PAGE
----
I study the way being born deprived of a sensory modality (for example, being born blind or deaf) affects brain organization and cognition. Studying people born blind, deaf or dysmelic (born without hands) helps learn about how sensory (or motor) experience in each sense is required for specific brain systems to develop, and how these plastically change in their absence.
The sensory-motor deprivation model serves to assess the roles of critical developmental periods, compensatory cross-modal plasticity and sensory-independent (a-modal) processes in the human brain.
Studying the blind brain enables studying how the visual cortex becomes organized to process information through other senses. It is traditionally considered that the visual cortex requires visual experience during early development (in critical or sensitive periods), to develop its proper structure and abilities. My neuroimaging (fMRI) research, along with that of other groups, shows that some of its roles can actually be acquired without any visual experience, so long as they are carried out with other senses.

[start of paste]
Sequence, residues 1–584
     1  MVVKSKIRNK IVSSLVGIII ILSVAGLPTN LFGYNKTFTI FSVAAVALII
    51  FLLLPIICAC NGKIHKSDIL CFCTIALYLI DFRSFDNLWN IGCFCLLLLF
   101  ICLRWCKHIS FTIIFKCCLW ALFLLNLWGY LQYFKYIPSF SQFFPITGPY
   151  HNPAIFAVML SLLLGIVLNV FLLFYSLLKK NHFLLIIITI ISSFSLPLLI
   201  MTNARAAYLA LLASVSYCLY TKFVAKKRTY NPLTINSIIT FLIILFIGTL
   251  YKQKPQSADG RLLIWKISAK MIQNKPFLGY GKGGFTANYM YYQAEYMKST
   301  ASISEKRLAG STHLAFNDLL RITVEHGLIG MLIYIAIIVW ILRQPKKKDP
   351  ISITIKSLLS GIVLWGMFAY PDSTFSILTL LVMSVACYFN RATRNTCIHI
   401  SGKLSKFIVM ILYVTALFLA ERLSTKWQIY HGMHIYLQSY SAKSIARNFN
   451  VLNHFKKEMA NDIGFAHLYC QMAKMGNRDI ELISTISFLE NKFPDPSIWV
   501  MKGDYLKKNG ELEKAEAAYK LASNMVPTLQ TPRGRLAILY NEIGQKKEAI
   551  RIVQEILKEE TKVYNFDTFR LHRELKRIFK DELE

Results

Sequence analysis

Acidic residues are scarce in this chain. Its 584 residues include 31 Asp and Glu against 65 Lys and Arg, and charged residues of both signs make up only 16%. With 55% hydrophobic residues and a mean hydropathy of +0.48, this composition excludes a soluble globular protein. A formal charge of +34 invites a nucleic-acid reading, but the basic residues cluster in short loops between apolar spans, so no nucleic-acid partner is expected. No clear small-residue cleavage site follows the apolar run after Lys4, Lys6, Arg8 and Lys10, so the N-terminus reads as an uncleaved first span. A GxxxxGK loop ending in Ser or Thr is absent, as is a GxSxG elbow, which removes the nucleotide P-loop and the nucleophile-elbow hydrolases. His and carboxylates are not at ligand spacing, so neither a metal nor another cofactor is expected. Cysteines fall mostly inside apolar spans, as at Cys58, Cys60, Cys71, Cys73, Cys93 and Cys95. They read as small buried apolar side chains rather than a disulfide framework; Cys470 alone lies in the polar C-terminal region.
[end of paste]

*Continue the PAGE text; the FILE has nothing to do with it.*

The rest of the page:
People born without arms and hands learn to perform all everyday tasks with their feet or mouth. In addition to finding this beautiful, I think they are a fascinating model for how the brain can change to respond to different sensory and motor experience.
Sensory substitution devices (SSDs) are non-invasive sensory aids that provide visual information to the blind via their existing senses. For example, a visual-to-auditory SSD translates images into sounds, retaining the visual shape information. In my PhD work with Amir Amedi, we developed a unique program for teaching blind people how to use the vOICe (an SSD developed by Peter Meijer) to learn to see information captured by a miniature webcam that they carried on their sunglasses.